Describing her husband and their married life, this writer explains:
… he was on the road and I was on the front line. He was focused on career and I was focused on getting through the day. When he was around, he was chipper and I was pooped. It’s a dynamic that plays out in millions of marriages…
Flash-forward a few years, as the relationship erodes and then lands us in divorce court. Sure, marriages fizzle on many dimensions, but unequal distribution of familial tasks breeds resentment, resentment makes for a spotty sex life and when intimacy falls away for an extended period, it’s a sure sign of trouble to come.
That writer was me.
Helping Those We Love: Methods, Limitations
When faced with life’s most disorienting events — death in the family, loss of income, loss of home, a medical situation that leaves us reeling — the way our spouses or partners respond can make or break the relationship. They can actively help, they can do nothing, or they can act out in ways that are counterproductive.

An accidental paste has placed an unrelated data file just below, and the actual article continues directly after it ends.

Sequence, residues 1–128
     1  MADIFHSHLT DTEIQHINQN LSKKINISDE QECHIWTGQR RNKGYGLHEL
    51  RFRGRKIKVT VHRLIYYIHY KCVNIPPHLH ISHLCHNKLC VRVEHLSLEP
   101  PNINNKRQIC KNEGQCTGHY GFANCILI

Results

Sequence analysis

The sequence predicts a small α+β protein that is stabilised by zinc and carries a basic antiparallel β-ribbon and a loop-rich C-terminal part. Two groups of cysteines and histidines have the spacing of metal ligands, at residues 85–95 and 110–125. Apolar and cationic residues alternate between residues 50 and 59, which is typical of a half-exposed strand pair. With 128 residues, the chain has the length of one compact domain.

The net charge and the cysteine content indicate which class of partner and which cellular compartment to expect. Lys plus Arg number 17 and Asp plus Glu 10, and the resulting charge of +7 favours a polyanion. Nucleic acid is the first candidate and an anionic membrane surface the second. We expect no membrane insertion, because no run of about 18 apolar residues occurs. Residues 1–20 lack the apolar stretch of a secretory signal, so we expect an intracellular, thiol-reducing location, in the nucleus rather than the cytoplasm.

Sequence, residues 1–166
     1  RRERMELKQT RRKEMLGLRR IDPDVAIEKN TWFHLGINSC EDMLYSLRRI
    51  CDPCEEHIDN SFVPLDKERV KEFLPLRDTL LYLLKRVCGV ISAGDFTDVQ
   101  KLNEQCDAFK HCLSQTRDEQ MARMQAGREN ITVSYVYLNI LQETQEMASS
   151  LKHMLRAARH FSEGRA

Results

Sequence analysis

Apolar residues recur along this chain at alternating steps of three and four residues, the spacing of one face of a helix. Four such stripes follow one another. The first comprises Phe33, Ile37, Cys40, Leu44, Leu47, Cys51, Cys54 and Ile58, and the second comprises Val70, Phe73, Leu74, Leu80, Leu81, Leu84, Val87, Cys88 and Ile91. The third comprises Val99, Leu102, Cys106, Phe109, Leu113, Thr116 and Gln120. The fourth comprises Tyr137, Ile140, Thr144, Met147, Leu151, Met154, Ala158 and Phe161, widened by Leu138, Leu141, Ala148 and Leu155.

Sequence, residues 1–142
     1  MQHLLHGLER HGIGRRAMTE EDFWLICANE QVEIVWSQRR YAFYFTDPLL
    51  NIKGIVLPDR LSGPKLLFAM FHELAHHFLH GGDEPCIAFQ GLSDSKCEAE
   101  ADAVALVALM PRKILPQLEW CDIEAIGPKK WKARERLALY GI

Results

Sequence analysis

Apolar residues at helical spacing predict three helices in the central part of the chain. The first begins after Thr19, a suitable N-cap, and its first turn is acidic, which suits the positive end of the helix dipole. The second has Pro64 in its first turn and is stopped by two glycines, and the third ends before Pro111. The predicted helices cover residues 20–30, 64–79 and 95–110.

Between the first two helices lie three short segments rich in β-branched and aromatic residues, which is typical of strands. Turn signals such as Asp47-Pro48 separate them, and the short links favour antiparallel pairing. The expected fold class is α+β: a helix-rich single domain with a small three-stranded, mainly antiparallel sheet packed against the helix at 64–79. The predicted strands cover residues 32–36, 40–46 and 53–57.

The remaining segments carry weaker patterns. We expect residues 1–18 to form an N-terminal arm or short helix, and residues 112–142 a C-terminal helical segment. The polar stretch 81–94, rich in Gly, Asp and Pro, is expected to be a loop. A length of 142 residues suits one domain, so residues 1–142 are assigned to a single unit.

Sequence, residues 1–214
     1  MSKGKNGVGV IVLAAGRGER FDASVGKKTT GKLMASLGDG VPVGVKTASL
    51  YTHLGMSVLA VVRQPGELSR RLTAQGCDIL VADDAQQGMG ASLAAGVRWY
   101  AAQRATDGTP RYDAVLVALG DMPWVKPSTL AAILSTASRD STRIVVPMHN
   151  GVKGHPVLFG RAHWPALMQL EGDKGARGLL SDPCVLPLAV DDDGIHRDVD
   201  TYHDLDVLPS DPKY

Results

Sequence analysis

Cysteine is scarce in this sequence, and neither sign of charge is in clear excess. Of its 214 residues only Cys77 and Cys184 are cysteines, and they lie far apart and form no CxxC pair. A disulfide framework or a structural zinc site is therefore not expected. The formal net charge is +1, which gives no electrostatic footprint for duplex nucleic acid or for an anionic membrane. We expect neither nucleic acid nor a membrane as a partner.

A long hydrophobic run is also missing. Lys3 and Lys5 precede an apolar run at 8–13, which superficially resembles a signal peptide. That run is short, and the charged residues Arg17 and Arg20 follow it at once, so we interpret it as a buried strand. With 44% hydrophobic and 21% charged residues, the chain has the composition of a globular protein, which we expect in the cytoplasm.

Some will exit Stage Left. Some will throw money at the problem. Some will stick, unselfishly, and we as a couple grow closer as a consequence; or at least — we don’t grow apart.
Then there is the non-devastating but enervating accumulation of irritations. They drain us of time. They squeeze out pleasure. They put a strain on relationships, and sometimes to the point of relationship collapse. One or both partners just can’t take any more. One or both decide to call it quits.
Another scenario? Perhaps one of you in the midst of a serious challenge is survivable, but both of you dealing with personal or professional dramas is not.
Sure, I’m focusing on opposite ends of a spectrum of behavior. Most of us dwell somewhere between the extremes — supportive if the give-and-take isn’t one-sided; willing to give if self-image is nourished by doing so; helping to a degree so as not to feel guilty; able to be supportive in some instances and, for reasons of our own, unable to do so in others.
These are aspects of character, personality, values, upbringing, experience, physical stamina, emotional fortitude — and no doubt, individual circumstances.